APPALACHIA, Va. - When was the last time you saw kids excited about books? At Appalachia Elementary they were more than excited to get a brand new book for free while visiting with some old friends.
Fritz & Co., a Fairfax accounting firm, visits every December with enough books for the whole school.
What looks like an average book fair is way more than that. It's a book fair, but the books are free. Each Appalachia Elementary student, small and tall, gets a free book.
What began as a Christmas project for Fritz & Co. has tuned into a commitment. It's their sixth year of providing each student a shiny new book. "Six years! Since 2008 we've been able to provide 2,000 books over that six-year period to the students, faculty and staff of the school," Bill Fritz says.
And over that time span Fritz tells us they've been able to watch the kids grow up. "I talked to some eighth graders who are now moving on to high school that were here the first year. We were down here and they were in third grade. We got a picture of [two students] in third grade sitting down and reading a book together, and they're still hanging out together," he said.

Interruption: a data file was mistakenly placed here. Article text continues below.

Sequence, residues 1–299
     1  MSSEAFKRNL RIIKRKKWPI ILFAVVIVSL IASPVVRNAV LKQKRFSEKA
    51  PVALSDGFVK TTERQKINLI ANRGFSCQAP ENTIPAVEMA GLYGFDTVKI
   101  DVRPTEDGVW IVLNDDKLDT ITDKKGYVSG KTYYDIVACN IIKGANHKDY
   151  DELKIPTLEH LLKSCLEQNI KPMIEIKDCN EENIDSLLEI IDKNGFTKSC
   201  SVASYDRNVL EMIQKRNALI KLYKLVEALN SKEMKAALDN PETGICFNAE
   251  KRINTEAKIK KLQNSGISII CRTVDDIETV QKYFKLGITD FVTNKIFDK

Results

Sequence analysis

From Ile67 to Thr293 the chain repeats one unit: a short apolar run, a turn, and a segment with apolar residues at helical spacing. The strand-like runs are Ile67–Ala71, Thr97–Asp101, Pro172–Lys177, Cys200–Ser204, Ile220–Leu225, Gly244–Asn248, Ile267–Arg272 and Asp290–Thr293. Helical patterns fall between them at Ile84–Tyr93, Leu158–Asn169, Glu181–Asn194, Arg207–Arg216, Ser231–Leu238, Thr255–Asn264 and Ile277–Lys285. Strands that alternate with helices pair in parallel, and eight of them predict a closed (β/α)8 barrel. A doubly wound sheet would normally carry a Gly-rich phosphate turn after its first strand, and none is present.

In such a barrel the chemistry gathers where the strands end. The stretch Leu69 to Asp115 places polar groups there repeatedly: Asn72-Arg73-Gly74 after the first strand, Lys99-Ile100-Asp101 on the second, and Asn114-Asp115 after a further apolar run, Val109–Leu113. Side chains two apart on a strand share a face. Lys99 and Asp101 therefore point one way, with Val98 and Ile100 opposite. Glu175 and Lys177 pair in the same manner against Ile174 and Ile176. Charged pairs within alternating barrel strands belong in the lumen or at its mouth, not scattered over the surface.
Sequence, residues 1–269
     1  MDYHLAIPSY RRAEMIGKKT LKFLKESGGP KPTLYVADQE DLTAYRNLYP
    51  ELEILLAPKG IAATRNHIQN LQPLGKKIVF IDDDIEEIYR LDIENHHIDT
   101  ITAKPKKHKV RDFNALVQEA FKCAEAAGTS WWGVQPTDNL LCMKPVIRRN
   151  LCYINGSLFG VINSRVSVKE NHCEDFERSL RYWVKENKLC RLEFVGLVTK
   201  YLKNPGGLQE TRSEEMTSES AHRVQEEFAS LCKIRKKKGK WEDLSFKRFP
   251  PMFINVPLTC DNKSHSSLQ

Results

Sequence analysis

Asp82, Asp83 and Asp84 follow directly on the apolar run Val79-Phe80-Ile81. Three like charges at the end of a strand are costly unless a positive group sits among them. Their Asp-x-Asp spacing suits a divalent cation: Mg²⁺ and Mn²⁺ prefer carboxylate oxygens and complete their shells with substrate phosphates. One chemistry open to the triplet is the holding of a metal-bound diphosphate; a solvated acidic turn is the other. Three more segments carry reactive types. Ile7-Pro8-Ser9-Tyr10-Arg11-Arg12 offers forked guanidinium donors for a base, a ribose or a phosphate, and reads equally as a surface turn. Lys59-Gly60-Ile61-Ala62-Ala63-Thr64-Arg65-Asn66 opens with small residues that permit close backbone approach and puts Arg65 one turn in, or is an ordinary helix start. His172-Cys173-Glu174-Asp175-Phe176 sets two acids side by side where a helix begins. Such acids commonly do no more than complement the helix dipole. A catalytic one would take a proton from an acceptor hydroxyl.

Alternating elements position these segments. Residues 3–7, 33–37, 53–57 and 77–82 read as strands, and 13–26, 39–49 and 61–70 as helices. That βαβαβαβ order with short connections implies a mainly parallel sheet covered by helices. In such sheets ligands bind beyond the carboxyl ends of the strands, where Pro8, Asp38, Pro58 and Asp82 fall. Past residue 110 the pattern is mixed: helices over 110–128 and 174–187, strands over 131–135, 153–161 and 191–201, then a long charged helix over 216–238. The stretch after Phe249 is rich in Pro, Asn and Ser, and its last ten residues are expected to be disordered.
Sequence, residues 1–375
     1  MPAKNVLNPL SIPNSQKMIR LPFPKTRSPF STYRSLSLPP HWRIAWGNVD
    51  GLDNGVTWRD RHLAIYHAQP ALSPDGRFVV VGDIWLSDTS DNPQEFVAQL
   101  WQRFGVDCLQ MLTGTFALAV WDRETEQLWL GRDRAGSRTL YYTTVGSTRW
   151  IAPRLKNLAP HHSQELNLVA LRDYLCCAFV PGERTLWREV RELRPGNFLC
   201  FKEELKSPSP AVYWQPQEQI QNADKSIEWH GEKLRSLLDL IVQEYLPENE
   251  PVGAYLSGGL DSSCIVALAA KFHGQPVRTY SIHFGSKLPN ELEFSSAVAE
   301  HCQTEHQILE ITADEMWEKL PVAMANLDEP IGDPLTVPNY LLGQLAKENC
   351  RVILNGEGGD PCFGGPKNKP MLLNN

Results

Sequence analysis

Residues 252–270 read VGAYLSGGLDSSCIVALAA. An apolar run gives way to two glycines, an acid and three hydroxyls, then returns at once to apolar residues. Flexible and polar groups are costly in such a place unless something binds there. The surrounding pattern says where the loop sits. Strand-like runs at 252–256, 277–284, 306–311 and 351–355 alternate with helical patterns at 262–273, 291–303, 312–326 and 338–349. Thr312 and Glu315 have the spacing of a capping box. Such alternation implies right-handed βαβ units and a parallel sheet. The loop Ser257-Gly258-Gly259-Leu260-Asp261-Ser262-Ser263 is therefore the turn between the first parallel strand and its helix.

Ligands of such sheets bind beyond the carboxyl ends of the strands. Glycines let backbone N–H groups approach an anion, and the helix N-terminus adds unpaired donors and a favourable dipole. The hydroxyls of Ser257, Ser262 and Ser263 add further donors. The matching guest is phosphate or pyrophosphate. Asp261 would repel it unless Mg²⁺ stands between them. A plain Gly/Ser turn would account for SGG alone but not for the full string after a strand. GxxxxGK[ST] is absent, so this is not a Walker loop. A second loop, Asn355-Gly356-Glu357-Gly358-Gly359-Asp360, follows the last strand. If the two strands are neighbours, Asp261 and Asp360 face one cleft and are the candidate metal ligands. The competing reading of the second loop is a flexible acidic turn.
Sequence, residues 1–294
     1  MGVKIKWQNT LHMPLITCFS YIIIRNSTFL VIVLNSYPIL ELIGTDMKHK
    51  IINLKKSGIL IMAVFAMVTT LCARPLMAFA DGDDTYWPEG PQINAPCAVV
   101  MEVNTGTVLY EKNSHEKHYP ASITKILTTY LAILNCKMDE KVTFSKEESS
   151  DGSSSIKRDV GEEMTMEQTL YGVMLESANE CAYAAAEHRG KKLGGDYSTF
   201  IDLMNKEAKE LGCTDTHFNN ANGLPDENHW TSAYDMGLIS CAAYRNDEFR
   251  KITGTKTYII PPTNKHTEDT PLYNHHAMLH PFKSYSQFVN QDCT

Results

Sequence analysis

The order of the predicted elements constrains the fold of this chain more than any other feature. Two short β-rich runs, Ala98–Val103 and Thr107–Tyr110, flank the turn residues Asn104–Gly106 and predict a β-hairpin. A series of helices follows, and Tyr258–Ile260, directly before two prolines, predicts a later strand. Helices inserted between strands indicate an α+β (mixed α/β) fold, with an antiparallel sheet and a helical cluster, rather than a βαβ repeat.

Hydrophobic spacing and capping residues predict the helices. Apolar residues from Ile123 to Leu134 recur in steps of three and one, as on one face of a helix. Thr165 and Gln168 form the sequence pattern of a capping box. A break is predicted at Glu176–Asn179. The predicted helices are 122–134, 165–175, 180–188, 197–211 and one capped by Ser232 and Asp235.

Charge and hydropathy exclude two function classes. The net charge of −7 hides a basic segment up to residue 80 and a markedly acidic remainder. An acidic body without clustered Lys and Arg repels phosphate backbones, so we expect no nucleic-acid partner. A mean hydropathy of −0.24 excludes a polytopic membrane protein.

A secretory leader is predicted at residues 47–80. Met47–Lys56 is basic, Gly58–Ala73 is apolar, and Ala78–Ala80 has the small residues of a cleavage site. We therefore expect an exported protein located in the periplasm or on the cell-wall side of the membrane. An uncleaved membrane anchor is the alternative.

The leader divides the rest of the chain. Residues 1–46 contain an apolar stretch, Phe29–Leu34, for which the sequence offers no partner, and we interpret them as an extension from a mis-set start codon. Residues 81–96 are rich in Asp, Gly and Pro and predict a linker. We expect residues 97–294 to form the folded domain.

And the company keeps coming back. They chose Appalachia Elementary because they wanted to stay in Virginia and were looking for a school to help.
Don't think the students don't appreciate what's going on here -- this year they wrote the company letters. "We're reading [the letters] and some of them you just get goose bumps, because all of the kids are talking about how much they love new books and how much it means to them to have us come down," Lee Fritz says.
And there's plenty of smiles on the faces to go around. "They like to see the smiles on each others' faces and of course we love to see smiled on their faces," She said.
All because of getting their own shiny new book.
- Four charged in Church Hill home invasion case
- FTC warns there would be 'significant risk' if MSHA, Wellmont merger is approved
- Suspected Bristol bank robber waives preliminary hearing
- Justin Timberlake on Tenn. voting controversy: "I had no idea."
- Updated MLB commish says he plans to meet with Indians owner on logo